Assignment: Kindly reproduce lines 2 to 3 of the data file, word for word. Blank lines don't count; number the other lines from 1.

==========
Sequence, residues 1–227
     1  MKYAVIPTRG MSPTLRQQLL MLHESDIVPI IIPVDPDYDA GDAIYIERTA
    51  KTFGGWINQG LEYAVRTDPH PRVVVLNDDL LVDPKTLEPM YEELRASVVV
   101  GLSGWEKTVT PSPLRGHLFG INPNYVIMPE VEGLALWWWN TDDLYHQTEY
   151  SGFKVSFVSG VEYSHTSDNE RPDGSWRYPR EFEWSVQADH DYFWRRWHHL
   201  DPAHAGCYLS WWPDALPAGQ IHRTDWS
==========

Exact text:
     1  MKYAVIPTRG MSPTLRQQLL MLHESDIVPI IIPVDPDYDA GDAIYIERTA
    51  KTFGGWINQG LEYAVRTDPH PRVVVLNDDL LVDPKTLEPM YEELRASVVV